Additionally, your images might not load if the user is browsing on a slow internet connection or for various other reasons — if you’ve written image alternative text (also called alt text or alt tags), they can still understand the purpose of the image.
Get into the habit of writing accurate alternative text when adding images to your online store. Shopify makes this easy:
- When editing a product, click a media item.
- Click “Preview media.”
- Click “Add ALT Text,” then write your description.
When writing alt text, keep your descriptions simple and concise. Review our tips for writing alternative text for more guidance.
Avoid autoplay for videos and slideshows
Autoplay is bad for accessibility, and it’s not a great way to keep shoppers engaged. In one 2016 survey (PDF), 92.3% of web users said that they found autoplay “annoying,” and 76% said that when videos autoplay, they look for ways to silence the media immediately.
Videos, slideshows, and other media shouldn’t play automatically. If you’re committed to autoplay, however, you should at least provide clear controls for pausing playback and disabling sound. This conforms with WCAG’s requirements for audio controls, and it’s simply a good practice for keeping users on your site.
Test your Shopify store for keyboard navigation
Shopify can be customized with plugins, apps, and app extensions to add functionality and tweak the shopping experience. Of course, new features can lead to user experience problems — particularly for consumers who use a keyboard alone (no mouse) to navigate.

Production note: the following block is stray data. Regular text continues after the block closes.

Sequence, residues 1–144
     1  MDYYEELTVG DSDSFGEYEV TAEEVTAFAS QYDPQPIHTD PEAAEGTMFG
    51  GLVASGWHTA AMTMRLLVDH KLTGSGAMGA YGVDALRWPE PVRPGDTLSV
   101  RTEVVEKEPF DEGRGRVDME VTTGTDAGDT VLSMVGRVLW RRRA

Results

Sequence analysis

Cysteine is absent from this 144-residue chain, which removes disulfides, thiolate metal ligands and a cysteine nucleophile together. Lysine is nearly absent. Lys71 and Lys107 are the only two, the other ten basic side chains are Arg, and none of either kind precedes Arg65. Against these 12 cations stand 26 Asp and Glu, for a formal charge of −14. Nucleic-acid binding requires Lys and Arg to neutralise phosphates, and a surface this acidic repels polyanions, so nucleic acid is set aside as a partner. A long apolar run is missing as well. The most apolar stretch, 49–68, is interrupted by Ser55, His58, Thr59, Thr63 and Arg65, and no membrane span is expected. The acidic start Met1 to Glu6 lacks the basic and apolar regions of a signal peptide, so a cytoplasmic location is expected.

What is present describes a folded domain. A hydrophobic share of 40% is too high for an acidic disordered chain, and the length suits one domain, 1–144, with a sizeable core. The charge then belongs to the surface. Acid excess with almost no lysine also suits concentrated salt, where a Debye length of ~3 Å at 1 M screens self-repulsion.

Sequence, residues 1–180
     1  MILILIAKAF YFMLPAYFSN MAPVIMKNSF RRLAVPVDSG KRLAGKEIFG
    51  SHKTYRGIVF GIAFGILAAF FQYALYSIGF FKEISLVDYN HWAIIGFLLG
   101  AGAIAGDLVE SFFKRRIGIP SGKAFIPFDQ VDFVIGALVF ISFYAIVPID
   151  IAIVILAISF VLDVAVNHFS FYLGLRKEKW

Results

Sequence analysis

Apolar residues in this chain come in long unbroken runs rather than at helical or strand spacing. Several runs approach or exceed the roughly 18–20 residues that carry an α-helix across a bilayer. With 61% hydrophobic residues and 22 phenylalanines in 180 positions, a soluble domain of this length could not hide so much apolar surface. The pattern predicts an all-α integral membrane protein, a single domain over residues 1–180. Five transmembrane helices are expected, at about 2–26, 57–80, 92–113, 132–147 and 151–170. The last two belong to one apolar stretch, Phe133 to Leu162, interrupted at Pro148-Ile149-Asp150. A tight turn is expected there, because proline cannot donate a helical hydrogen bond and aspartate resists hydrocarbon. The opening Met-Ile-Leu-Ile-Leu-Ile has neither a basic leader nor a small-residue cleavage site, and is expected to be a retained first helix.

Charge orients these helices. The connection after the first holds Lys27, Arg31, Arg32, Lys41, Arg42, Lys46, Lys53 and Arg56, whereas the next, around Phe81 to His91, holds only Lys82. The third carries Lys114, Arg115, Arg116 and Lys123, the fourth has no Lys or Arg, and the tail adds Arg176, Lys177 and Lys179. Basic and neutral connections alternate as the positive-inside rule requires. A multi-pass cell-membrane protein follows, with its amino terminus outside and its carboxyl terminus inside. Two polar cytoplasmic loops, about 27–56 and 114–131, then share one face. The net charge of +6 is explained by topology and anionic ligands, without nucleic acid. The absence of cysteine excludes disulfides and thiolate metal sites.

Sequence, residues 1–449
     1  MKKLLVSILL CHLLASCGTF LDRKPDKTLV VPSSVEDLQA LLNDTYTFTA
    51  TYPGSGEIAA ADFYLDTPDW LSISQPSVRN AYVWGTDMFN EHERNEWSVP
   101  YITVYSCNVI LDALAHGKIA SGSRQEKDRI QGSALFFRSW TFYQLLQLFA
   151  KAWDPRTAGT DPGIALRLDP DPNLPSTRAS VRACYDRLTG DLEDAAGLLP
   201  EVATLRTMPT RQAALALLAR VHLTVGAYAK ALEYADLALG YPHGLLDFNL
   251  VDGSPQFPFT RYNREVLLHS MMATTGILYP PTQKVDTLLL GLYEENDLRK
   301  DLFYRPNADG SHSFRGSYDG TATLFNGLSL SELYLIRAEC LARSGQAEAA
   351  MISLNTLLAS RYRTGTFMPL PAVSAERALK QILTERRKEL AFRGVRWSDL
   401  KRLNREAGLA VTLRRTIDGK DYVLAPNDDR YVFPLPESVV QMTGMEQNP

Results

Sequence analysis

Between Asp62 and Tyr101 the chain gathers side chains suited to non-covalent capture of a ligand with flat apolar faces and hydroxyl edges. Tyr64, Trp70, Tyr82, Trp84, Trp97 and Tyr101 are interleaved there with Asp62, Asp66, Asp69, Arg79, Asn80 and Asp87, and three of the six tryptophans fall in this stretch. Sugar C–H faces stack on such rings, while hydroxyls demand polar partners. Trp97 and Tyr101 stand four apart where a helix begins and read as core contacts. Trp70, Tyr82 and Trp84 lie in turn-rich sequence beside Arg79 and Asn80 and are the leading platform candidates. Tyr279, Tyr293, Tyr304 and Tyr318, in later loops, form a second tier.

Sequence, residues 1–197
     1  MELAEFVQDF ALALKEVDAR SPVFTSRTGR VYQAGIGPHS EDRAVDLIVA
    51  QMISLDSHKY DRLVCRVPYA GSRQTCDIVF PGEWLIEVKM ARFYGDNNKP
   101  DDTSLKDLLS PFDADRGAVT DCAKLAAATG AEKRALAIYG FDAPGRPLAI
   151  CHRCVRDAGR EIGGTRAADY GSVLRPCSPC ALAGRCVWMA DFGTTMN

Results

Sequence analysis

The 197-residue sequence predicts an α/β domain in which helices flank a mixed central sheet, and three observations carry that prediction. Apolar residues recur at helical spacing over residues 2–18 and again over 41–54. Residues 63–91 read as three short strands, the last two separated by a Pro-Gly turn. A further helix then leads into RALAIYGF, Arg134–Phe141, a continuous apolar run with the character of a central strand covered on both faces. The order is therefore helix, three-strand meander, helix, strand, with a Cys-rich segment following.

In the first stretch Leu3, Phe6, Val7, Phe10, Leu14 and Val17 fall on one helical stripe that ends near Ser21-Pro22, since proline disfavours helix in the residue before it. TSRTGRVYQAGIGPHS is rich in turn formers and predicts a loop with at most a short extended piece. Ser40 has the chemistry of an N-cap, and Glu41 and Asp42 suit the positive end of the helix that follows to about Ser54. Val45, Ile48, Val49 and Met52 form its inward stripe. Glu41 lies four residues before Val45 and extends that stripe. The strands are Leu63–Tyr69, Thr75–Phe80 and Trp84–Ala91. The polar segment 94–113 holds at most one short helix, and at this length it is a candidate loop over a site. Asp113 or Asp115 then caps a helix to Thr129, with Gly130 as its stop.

WCAG SC 2.1.1, “Keyboard" requires that all functionality of the content is operable with a keyboard interface alone. Many web accessibility lawsuits reference keyboard navigation barriers, so if you discover issues, you should fix them as quickly as possible.
To test your website’s keyboard accessibility, set your mouse aside and use basic keyboard commands to navigate (see our guide to keyboard accessibility testing if you’re unfamiliar with keyboard commands).
Try to add items to your cart, change product options, and place an order. Does everything work as expected? Can you easily identify your keyboard’s focus indicator? Do you ever get “trapped" in a form field?
Related: What Is Keyboard Accessibility?
Provide users with a way to submit feedback
The ultimate goal of web accessibility is to provide a better experience for real users. Even if you test your Shopify store thoroughly, it may have barriers that affect your audience.
While you should test your store frequently with automated tools (such as our free website accessibility analysis) and manual audits, you should also listen to your users. Publish an accessibility statement that includes contact information or another way to submit feedback.
Remember, when you make your website more accessible, the user experience improves for all customers — regardless of their abilities. While creating an accessible store takes work, it’s one of the best ways to ensure your business’s long-term success.
For help with specific Shopify accessibility issues, send us a direct message.